Russia says US attempting to engineer coup d’etat in Venezuela

Russia says US attempting to engineer coup d’etat in Venezuela

Russia's Ambassador to the United Nations Vasily Nebenzya has accused the United States of attempting “to engineer a coup d’etat” in Venezuela as tensions between Washington and Moscow surface at a UN Security Council meeting on political unrest in the Latin American country.

Speaking at an emergency meeting of the Security Council called by the US in New York City on Saturday, Nebenzya said Venezuela did not pose a threat to international peace and security and should not be on its agenda.

“If anything represents a threat to peace and security, it is the shameless and aggressive actions of the United States and their allies to oust a legitimately elected president of Venezuela,” the Russian diplomat said.

Nebenzya also harked back to previous US meddlesome policies in Latin American countries, such as Nicaragua, and said Washington still considered Latin America its "backyard."

Alexander Shchetinin, the Russian Foreign Ministry’s director for its Latin America Department, on Friday offered to mediate between the Venezuelan government and opposition.

Shchetinin said Moscow was ready to cooperate with international players and use its capacity to ensure “dialog is established” between the conflicting parties in Venezuela.

Venezuela is convulsed by a political crisis. On Wednesday, opposition leader Juan Guaido declared himself “interim president” of the country, rejecting the presidency of Nicolas Maduro, who was sworn in earlier this month after winning elections boycotted by the opposition.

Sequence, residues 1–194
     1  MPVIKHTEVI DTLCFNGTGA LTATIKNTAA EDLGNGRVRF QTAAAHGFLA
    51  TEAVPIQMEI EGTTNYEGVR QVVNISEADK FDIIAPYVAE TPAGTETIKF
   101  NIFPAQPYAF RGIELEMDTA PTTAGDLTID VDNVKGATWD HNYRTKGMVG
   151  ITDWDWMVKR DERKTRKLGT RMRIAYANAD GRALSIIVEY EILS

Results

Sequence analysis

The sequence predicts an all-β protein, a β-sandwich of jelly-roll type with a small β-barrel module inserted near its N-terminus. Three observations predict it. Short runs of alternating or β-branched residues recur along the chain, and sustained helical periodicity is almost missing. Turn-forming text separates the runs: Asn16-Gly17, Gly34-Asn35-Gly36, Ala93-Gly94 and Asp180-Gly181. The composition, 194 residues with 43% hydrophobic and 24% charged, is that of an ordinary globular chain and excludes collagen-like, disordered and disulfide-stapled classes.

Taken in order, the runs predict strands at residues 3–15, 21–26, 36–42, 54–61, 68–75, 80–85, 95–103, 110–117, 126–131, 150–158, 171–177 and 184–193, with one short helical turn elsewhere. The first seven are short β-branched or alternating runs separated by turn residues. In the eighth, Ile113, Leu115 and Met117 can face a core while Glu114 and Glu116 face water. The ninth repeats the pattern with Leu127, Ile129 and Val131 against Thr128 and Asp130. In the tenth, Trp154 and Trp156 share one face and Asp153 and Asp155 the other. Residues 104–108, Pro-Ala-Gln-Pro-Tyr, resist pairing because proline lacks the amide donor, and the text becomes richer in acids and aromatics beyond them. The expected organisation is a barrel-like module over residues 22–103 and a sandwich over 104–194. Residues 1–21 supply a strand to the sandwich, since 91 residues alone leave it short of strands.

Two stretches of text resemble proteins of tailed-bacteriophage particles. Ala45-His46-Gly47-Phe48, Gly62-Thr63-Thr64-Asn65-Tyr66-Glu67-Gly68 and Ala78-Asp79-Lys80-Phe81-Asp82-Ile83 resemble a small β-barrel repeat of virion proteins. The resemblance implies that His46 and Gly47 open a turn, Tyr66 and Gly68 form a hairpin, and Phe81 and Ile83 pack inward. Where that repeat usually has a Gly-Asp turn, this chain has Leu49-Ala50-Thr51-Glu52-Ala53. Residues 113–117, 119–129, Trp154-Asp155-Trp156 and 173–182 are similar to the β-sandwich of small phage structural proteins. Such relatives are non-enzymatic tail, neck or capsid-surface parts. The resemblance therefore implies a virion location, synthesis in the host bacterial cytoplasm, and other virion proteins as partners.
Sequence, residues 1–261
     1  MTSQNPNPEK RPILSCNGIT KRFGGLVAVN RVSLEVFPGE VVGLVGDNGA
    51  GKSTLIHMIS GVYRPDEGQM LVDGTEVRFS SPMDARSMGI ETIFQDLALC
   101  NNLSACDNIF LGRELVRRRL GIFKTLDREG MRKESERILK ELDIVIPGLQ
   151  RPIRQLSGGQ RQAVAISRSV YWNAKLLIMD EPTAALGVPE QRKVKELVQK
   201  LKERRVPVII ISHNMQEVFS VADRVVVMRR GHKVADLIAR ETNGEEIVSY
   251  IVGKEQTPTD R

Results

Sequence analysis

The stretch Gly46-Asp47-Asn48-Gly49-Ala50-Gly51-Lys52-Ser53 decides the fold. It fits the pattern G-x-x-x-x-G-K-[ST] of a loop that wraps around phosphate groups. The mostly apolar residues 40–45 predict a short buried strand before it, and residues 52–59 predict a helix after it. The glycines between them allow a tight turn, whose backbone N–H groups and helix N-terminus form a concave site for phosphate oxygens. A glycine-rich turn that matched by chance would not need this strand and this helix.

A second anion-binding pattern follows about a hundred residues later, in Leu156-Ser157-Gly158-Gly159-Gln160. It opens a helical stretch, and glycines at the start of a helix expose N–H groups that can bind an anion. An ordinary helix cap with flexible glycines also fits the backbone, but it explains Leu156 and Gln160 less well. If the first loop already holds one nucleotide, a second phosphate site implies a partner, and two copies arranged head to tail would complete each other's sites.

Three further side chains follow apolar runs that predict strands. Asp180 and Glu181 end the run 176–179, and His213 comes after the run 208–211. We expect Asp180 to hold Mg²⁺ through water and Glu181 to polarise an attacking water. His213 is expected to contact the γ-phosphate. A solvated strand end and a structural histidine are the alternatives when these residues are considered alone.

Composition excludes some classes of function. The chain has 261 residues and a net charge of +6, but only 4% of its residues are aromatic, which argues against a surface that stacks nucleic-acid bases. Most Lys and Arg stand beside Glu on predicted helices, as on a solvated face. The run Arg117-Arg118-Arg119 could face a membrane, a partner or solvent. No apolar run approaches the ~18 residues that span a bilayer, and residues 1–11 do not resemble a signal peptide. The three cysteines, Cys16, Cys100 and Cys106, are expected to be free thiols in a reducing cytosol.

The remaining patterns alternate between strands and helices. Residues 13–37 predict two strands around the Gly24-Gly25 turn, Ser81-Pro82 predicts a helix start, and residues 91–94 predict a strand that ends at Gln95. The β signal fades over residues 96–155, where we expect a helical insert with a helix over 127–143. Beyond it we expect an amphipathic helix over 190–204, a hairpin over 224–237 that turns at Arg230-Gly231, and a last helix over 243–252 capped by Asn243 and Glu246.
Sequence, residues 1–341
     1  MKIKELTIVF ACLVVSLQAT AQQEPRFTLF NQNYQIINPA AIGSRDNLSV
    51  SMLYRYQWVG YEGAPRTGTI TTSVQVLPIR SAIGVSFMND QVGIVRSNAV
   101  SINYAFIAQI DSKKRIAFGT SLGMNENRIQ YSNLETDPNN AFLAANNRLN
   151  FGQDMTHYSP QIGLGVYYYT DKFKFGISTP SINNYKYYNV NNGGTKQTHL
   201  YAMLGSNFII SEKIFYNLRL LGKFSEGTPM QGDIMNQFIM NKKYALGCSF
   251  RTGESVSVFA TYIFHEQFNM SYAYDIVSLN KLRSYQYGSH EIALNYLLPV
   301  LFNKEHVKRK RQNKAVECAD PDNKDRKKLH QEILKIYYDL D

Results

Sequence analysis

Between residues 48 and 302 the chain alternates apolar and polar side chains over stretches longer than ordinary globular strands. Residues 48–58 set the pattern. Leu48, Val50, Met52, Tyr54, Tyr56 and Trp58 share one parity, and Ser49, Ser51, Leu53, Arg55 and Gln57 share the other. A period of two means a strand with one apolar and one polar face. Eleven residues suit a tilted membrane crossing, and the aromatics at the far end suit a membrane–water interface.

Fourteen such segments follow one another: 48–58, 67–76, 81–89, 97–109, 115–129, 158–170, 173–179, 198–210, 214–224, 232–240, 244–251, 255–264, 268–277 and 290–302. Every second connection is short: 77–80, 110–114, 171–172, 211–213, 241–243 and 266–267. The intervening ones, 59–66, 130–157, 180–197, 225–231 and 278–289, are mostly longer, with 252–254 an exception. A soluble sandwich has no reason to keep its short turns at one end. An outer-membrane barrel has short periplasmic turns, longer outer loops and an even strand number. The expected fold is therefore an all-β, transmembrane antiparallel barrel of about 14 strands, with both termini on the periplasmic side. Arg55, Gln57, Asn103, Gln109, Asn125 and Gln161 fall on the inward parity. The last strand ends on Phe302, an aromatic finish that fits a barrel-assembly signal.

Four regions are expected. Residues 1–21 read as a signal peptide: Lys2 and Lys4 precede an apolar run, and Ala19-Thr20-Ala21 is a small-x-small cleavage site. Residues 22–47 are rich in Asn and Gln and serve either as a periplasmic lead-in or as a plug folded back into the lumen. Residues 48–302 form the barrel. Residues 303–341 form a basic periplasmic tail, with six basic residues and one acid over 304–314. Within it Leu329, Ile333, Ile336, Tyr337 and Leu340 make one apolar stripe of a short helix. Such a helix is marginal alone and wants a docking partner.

Minutes after Guaido’s self-proclamation, the US said it recognized him as the “legitimate” leader of Venezuela, calling on other countries to follow suit.

The government of President Maduro responded by cutting ties with the US.

During a lengthy speech at a special session at the Supreme Court on Friday, Maduro censured US President Donald Trump for seeking to orchestrate a coup against his government and backing the self-declared leader.

Pro- and anti-government rallies were also held in the capital Caracas.

Some other members of the Security Council, including South Africa, Equatorial Guinea and China, also took a jab at the US for interfering in the internal affairs of an independent country.

They blocked a US push for a UN Security Council statement and expressed their full support for Venezuela's National Assembly as the country's "only democratically elected institution."

US Secretary of State Mike Pompeo, however, renewed Washington's opposition to Maduro's rule, describing it as the former government of the Latin American country.

Addressing the Security Council's Saturday session, Pompeo called on UN countries to "pick a side" on Venezuela.

He recognized Guaido as head of state and urged Maduro to step down.

"Now it is time for every other nation to pick a side. No more delays, no more games. Either you stand with the forces of freedom, or you're in league with Maduro and his mayhem," Pompeo told the council.

He called on all members of the Security Council to support what he called “Venezuela's democratic transition” and “Guaido’s role” in it.

He added that Washington would help "recover a brighter future for Venezuela" and urged nations to support the "democratic aspirations" of Venezuelan people.

The US has a long record for “regime change” campaigns in Venezuela and other countries. In 2002, the late Venezuelan president, Hugo Chavez, was ousted for two days in a US-backed coup that was ultimately defeated.

Maduro was sworn in for a second term on January 10, after a vote marred by an opposition boycott and claims of vote-rigging.

Oil-rich Venezuela is currently mired in economic turmoil, with people grappling with hyperinflation, power cuts and shortages of basic items.

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